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Motorstorm Apocalypse: The most insane racer ever?

Hands-on: Evolution brings the house down...

If you're not familiar with the Motorstorm ethos, it's pretty straight-forward: racers with very little awareness of their own safety jump behind the wheels of trucks, rally cars and buggys - or grip the bars of dirtbikes - to speed down all-terrain tracks in boost-heavy competition. If that doesn't sound like your sort of thing, man up.

So far in the series, we've raced through mountains, over sand dunes and across ice. Motorstorm has followed a thrilling but familiar formula - and now the biggest problem facing developer Evolution Studios when it comes to the third PS3 instalment, Motorstorm Apocalypse, is how to further shake up an already seat-of-your-pants experience.

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With two full console releases under its belt, as well as a PSP handheld outing, Motorstom has covered pretty much every race-unfriendly terrain you can tackle. Indeed, the only possible environment left to conquer is urban. But smooth tarmac and well signposted bends? That ain't Motorstom, right? That stuff's for pansies.

But by endeavouring to make on-road racing distinctly, erm, off-road in Apocalypse, Evolution has created one of the most insane racing experiences we've ever jumped into. It provides loads of untouched urban playground - and then destroys it right in front of your eyes.

The premise is just as lean and action-centric as the game itself. A typical high-rise, East Coast American city is the epicentre of a massive earthquake. While sane city-dwellers have scampered from the spreading shadows of the crumbling sky-scrapers, the Motorstorm loonies have taken the opportunity to bump their less-than-regulated racing up a notch. 'Extreme sports' doesn't quite cover it. In fact, it's not even close.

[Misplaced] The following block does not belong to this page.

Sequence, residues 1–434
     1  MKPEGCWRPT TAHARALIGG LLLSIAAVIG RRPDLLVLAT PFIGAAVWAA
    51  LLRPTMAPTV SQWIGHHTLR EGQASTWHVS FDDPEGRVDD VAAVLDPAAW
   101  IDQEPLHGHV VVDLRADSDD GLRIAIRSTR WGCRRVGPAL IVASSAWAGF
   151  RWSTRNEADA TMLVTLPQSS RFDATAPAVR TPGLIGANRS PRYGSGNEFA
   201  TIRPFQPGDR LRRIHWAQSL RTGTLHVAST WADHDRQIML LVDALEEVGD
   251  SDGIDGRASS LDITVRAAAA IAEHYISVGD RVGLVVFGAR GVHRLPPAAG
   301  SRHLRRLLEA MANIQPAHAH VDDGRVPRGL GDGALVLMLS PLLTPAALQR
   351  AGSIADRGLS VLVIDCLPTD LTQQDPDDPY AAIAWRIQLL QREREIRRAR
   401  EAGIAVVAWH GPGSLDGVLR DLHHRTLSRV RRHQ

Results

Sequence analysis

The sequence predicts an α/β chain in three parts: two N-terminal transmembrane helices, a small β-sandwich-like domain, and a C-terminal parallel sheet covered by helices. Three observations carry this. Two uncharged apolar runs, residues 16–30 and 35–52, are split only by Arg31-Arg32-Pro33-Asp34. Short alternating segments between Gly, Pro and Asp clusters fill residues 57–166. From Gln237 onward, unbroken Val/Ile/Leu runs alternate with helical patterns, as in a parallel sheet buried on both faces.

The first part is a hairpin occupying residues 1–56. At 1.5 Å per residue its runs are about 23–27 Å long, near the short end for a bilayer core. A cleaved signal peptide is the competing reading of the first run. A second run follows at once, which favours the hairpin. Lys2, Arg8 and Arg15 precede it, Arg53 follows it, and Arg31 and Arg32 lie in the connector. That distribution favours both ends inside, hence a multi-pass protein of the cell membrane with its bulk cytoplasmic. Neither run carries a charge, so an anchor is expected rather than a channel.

SKY HIGH
The campaign itself sees you take on the role of one of three drivers based on difficulty, and pushed you through an earthquake, with your city progressively falling to pieces. The most demented of this a race along the tops of skyscrapers as they crumble to the ground. The sheer audacity of it as an idea is enough to make you smile even before the race has begun.

One of the most impressive things Evolution has managed to do with Apocalypse is create a balance between chaos and playability. Forget the fact that this is a race; when you're driving on top of a building in an earthquake your only option is to keep your foot firmly on the floor. It feels like a race for survival just as much as it does one to the finish.

The playability comes from the way the "track" changes and falls. Despite the constant destruction - debris flying everywhere, walls collapsing, floors giving way, the usual - there's a flow to the design.

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On the skyline track, for example, you'll be jumping from rooftop to rooftop one minute - only to go crashing through the floor the next, ending up screeching around the building's interior.

As we fly through an inside window, another structure gives way to provide a temporary and very improvised platform. While Motorstorm Apocalypse certainly gives the impression of impossible odds and very much provides a "this turn could be my last" tension throughout, it always gives you an exit option as well. The question is: are you quick enough?

When it comes to beingnimble, the superbike is probably your best weapon of choice. Being able to turn more or less on the head of a pin is a useful asset. As your rider leans right into a corner, his knee almost taken off by the jagged concrete floor, you'll skid round bends which you at first seem destined to overshoot.

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